The Knucklehead may have been one of Harley-Davidson’s crowning achievements, but the Panhead is arguably the most famous motorcycle in the manufacturer’s catalog. The new and improved Panhead engine reduced operating temperatures across the board with its redesigned rocker covers that resembled upside-down pans, giving consumers in the late ’40s a very noticeable and requested increase in power.
Following the second World War, the United States began to quickly improve the national highway system. The Panhead now provided Americans with enough power to pursue leisure and long commutes on two wheels, something that many weren’t able to do before.
Harley Davidson’s Panhead motorcycles stayed in production for 17 years through 1965, making a name for themselves as some of the most iconic motorcycles in history. They’re often seen in media; most notably, the “Captain America” chopper ridden by Peter Fonda in 1969’s Easy Rider, which featured a Panhead engine. Not only was the movie a cultural touchstone, but it made that Panhead into one of the most celebrated motorcycles of all time.
There’s not enough you can say about the platform, but there’s always a new custom Panhead to be shown off. We talked to Brendan Venturelli at Fuel Cleveland about his build of a custom 1963 Panhead chopper.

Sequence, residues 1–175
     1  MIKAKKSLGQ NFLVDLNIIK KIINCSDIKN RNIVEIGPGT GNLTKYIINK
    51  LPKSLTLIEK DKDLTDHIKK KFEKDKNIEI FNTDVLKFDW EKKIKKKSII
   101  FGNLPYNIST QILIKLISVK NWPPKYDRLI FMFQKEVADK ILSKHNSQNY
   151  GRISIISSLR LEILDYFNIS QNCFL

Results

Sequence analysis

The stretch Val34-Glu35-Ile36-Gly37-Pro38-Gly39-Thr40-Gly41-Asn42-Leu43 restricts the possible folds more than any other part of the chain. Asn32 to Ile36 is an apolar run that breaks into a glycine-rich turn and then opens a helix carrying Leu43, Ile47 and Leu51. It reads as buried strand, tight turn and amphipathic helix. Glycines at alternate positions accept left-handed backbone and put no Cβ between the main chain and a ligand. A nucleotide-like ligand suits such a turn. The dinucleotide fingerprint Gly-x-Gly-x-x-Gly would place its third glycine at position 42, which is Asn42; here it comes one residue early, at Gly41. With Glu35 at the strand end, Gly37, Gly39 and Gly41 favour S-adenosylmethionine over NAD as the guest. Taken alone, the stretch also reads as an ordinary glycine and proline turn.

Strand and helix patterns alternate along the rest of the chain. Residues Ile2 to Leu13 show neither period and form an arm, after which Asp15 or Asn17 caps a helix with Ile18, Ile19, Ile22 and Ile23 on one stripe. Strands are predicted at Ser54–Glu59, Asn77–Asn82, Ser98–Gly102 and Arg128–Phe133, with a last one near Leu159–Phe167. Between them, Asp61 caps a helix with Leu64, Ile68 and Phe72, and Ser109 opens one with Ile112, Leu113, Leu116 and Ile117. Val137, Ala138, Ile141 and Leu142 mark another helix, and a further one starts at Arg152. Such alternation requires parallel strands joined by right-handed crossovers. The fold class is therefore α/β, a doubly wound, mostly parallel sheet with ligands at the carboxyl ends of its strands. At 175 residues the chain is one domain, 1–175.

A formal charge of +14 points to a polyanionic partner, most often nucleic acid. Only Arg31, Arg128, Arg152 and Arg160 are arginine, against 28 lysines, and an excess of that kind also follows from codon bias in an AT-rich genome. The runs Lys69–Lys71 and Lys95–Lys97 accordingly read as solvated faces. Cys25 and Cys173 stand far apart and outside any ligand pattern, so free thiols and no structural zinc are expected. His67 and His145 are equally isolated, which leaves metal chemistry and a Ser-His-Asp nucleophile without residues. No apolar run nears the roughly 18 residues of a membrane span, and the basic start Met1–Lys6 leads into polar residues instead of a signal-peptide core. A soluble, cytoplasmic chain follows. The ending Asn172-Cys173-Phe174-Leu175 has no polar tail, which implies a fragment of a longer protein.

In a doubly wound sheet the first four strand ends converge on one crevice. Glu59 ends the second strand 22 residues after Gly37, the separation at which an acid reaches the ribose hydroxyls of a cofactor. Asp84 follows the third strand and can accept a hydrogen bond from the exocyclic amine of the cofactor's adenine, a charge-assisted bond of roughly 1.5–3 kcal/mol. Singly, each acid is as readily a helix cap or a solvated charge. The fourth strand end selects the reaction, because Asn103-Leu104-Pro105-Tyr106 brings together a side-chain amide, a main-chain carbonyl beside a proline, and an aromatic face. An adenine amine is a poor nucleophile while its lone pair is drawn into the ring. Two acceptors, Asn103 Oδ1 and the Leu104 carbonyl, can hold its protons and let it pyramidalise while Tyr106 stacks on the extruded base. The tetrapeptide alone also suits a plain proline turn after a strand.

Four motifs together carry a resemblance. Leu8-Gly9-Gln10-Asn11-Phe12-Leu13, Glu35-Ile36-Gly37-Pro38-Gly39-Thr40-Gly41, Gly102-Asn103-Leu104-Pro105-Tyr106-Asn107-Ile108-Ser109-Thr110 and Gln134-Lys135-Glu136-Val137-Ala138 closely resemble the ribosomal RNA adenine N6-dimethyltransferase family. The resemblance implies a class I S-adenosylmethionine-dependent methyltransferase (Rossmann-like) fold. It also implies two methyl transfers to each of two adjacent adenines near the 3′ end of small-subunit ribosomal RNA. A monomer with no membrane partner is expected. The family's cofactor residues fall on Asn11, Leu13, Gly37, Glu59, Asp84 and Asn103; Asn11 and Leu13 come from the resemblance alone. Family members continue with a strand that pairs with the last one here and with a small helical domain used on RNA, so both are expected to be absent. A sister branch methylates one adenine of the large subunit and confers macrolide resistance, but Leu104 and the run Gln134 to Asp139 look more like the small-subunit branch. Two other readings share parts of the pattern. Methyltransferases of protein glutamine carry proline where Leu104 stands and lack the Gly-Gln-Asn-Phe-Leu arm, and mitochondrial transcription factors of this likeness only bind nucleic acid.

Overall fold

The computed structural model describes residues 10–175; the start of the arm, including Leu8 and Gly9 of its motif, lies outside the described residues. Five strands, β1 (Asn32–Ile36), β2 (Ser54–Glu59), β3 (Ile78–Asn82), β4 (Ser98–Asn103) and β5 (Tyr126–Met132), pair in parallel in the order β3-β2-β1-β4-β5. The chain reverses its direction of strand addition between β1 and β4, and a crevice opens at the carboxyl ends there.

The original frame is a 1952 panhead that Venturelli got at an auction. The frame was pretty rough when he got it, but two and a half years later he has a fully formed bike.
“It’s a 1963 motor and transmission — stock bore, and it’s got a mild cam in it – other than that it’s a regular 1,200cc engine,” Venturelli says. “The frame was all bent, so I made a frame jig and after deciding I wanted to do a tall bike, I put the neck where I wanted and kind of went from there.”
Venturelli’s Panhead is the definition of clean, sleek and simple. Aside from the paintwork done by Eric Clay out of Okina, Illinois, everything that was done to the bike was completed in-house.
“I just kind of pieced together the front end,” Venturelli says. “They’re Mullins trees and VCP Cycle lowers, and then I ordered the fork tubes from Sweden because I couldn’t find anybody here that would make them.”
The Panhead also features a Morris magneto that serves at the motorcycle’s power source with no need for a battery, and it includes a LecTron carburetor. Brendan looks forward to riding the hell out this chopper soon.
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